BIANCA BELVEDERE is a 2,000 sqm single family home located in the coastal town of Adma, on a sloped site opening up to the panoramic view of the Mediterranean Sea. The site rises above a lower lot, with the main road running on the lowest end & separating the two. Considering the site condition and the local building codes, the massing was placed on the corner of the highest point on the site, gaining maximum altitude & exposure to the panoramic sea view, avoiding the visual obstacle of the lower neighboring future development.
This gesture dictated the organization of the program’s hierarchy in respect to the view obtained. The formal functions were reversed and placed on the top most level, opening up to the panoramic view of the Mediterranean Sea. On the other hand, the multipurpose and main entrance occupied the ground floor in an L-shaped plan, opening up to the garden. The bedrooms, being the most private, were sandwiched between the two floors hosting the public functions; oriented towards the sea view, private back gardens, & a bridge connecting to the main garden.
The proposal integrated a continuous vertical void, cutting through all the floors, splitting the project into two entities along the east-west axis. Although indoors, this void acts like an exterior entity; flooding the intermediate space with sunlight & natural ventilation through lateral openings & a skylight above. Acting as the heart of the project, the vertical circulation is embodied within this main artery of which all other movements branch out; through stairs & bridges. Sealing off various ‘branches’ ensured the continuous vertical flow of the public while providing the privacy needed for the private functions.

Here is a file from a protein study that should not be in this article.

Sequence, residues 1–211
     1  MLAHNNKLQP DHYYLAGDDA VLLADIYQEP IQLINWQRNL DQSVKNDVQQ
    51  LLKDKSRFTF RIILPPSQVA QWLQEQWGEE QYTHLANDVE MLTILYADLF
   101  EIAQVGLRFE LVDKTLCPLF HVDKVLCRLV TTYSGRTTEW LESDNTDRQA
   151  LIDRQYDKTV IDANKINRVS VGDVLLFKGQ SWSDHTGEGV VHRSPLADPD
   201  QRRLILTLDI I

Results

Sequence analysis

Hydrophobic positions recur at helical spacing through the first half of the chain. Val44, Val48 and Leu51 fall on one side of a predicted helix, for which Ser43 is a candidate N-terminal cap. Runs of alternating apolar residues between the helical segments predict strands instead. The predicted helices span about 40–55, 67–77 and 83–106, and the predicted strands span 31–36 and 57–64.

The journey towards the project begins through a path, cutting through the natural terrain, leading from the road to the main entrance of the villa. A vast reception area, on the ground floor level hosting a garden, absorbs the public and channels them though the void, with a continuous vertical movement leading to the main reception area, on the second floor, where a panoramic vista of the Mediterranean Sea unveils. A roof-top terrace, with a 360 view of the entire context, hosts a semi-depressed pool, with a skylight at its bottom illuminating the dining room below.
The villa’s prevailing identity, the ‘white mass’ overlooking the Mediterranean Sea, was treated with white stone finish and a reinterpretation of the local ‘claustra’ shades, made using UHPC. Full height, minimal profile sliding glass windows allow the project to be completely open to the outside. Two inverted L feature the cantilevering volume of the formal spaces where the main living & the dining open up to a balcony and subsequently the panoramic view. The interior finishes are a coherent liaison of the architecture itself. Natural stone, travertine, concrete, and gunmetal steel embellish the calm yet textured interior spaces.